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BEIJING — The International Olympic Committee on Thursday urged China to allow foreign reporters at the Beijing Games to report freely after a British journalist trying to cover a protest was allegedly roughed up by police.
Meanwhile, activists complained that protest zones designated by Beijing organizers were set up as a way to catch dissidents — not let them speak out. At least one person who applied to hold a demonstration in one of protest parks was detained by police.
At its daily briefing, the IOC was peppered with questions about an incident the day before in which a British TV journalist said he was manhandled and dragged into a police van while trying to cover an unauthorized protest by activists pushing for independence for Tibet. Police have said they mistook him for a protester.
IOC spokeswoman Giselle Davies said the committee disapproves of “any attempts to hinder a journalist who is going about doing his job seemingly within the rules.”
“This, we hope, has been addressed. We don’t want to see this happening again,” she said.
Asked repeatedly whether IOC officials are embarrassed that China was not living up to its promises, Davies would not answer directly, saying only that they are happy with the way China is running the sporting events.
In its bid to win the Olympics, China promised to loosen some aspects of its autocratic rule, including allowing the media to report freely and the unblocking of restricted Web sites for journalists.
It set up three protest parks, all well away from Olympic venues, in a gesture toward greater free speech.
But it said would-be protesters would have to apply for permission in advance. Almost a week into the Beijing Games, there has been no sign of demonstrations at the parks.
Sporadic flare-ups in other parts of the city — involving handfuls of mostly foreign protesters who were quickly detained and deported — suggest the absence of demonstrations is not for lack of dissent.
At least one activist who tried get approval to organize a demonstration in Ritan Park, one of the three zones, has been detained by security officials, say activists, who suspect authorities are using the zones to bring potential troublemakers to their attention.
“It’s clear to us that the protest zones are just a cynical public relations ploy on the part of the Chinese authorities,” said Lhadon Tethong of the New York-based Students for a Free Tibet, which has held several unregistered protests around the Games.
Her group never considered applying for permission to demonstrate in the parks.
“Sadly, I think the protest zones are just a trap at some level,” she said.
At the IOC organizing committee briefing, vp Wang Wei suggested critics were nitpicking. He called the protest parks “one step further for China to open up and I think it’s (a) very good gesture.”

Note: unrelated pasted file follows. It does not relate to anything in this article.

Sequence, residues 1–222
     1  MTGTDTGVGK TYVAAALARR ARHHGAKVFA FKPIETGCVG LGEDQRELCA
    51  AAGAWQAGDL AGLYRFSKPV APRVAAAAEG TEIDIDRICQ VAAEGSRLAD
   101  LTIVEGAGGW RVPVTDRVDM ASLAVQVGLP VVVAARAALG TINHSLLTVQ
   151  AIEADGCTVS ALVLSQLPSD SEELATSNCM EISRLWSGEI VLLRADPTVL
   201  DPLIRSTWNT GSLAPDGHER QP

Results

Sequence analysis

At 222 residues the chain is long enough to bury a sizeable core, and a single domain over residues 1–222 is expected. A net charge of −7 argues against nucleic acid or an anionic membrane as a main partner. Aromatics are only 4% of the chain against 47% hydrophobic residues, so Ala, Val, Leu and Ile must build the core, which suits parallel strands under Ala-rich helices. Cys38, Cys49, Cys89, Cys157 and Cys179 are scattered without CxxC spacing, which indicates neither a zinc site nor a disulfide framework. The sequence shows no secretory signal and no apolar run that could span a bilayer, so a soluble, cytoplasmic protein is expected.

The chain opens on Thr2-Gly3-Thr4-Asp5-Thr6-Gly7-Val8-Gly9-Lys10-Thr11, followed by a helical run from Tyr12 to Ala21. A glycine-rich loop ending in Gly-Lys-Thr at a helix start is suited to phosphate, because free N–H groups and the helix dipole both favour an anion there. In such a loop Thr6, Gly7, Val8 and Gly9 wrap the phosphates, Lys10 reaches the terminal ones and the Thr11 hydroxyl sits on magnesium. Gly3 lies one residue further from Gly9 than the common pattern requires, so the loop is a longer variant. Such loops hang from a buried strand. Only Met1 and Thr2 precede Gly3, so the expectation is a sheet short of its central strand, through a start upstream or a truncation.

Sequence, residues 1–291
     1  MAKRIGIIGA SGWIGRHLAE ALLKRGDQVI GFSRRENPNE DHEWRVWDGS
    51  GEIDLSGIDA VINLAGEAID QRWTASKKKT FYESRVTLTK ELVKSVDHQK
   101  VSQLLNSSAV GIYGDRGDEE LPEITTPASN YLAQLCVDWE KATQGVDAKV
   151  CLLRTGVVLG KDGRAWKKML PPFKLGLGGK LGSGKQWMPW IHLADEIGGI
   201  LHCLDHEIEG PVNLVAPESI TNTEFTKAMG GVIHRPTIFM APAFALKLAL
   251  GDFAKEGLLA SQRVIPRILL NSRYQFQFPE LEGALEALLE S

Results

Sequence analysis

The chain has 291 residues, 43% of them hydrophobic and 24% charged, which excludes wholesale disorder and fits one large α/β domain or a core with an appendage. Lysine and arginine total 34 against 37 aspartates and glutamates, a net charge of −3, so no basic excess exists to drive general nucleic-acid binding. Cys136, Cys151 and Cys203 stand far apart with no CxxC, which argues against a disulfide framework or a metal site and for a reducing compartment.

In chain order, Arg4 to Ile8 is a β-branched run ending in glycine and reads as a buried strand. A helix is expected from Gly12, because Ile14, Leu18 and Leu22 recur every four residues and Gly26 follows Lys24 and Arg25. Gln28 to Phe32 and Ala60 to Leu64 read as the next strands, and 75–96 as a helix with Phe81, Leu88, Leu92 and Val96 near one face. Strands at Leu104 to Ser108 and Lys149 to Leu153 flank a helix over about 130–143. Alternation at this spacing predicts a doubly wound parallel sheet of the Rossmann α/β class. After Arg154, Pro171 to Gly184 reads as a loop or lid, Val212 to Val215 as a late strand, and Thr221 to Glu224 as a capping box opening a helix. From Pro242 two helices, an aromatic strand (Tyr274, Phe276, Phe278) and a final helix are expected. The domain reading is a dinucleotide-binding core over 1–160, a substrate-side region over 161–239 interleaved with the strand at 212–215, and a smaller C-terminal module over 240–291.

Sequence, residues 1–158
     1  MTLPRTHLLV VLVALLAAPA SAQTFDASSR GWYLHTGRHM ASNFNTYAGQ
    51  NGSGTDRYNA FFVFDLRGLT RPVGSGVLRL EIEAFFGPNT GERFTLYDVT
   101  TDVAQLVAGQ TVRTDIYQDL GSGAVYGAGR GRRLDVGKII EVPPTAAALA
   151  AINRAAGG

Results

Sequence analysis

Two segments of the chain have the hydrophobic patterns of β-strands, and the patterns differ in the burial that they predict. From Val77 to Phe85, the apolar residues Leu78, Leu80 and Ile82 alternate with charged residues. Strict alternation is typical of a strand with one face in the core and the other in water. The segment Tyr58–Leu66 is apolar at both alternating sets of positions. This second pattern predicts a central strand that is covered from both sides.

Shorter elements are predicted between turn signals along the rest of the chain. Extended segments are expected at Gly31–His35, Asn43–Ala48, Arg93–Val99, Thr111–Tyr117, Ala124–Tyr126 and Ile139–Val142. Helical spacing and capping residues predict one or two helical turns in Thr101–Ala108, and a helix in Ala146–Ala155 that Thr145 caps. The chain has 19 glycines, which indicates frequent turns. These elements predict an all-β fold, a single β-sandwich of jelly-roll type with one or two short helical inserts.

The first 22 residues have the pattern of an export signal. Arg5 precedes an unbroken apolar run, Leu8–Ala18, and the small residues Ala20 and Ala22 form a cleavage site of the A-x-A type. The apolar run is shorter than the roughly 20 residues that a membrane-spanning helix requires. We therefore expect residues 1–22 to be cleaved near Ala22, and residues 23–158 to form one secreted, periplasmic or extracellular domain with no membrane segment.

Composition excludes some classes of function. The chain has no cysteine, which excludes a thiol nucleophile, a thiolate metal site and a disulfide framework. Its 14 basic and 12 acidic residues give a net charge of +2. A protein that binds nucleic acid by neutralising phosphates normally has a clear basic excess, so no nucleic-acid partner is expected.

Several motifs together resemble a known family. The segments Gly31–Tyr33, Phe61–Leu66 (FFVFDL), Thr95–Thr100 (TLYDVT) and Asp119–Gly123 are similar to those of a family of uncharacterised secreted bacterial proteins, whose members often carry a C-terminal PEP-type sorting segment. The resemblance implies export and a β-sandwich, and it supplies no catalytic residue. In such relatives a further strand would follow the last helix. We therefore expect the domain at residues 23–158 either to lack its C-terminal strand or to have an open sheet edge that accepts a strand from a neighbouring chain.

But he said he had no information on the number of protest permits that have been granted, and security officials have refused to release the information.
To hold a demonstration in one of the parks, applications must be lodged with authorities five days in advance so officials can judge whether they would harm China’s “national, social and collective interests,” according to a government announcement in July. Applicants could expect a reply 48 hours before the requested rally time.
Human Rights Watch said this week, citing witness accounts, that Chinese activist Ji Sizun was bundled into a car outside a police station when he went to check on his application to protest official corruption. He has not been seen since, the New York-based group said.
Relatives of other Chinese activists, most of whom have spoken out against the destruction of neighborhoods to make way for development in Beijing without proper compensation, say they, too, have been detained during the Games.
A Chinese blogger, warned last month to stay away from Beijing during the Olympics, said he was escorted to his hometown Thursday and told not to leave.
Zhou Shuguang, who uses the online name Zuola, said by phone that local officials picked him up in Fengmuqiao, near his hometown in central Hunan province, and “forced” him back home. Zhou, who said he had gone to visit his sister, said he was threatened when he initially refused.
Restating Beijing’s official policy, Foreign Ministry spokesman Qin Gang said Wednesday that China’s citizens, “in accordance with the law, enjoy the freedom of speech and other kinds of rights.”
Built in the 16th century around an altar that emperors used for sacrifices to the sun gods, Ritan Park is a sanctuary of manicured lawns, ponds and tree-lined pathways.
In the park Thursday, there were no protest banners, only one strung along a fence that read, “Welcome Olympic Games with joyfulness and construct a harmonious society,” in Chinese characters and English.
“About protesting, I think Chinese people have experienced very little of this,” said Sufang Hang, who was among a small group huddled under a traditional Chinese pagoda to escape the summer drizzle.
“I think foreigners might have more protests. I think Chinese people do not have the awareness yet. We don’t know what there is to protest about.”
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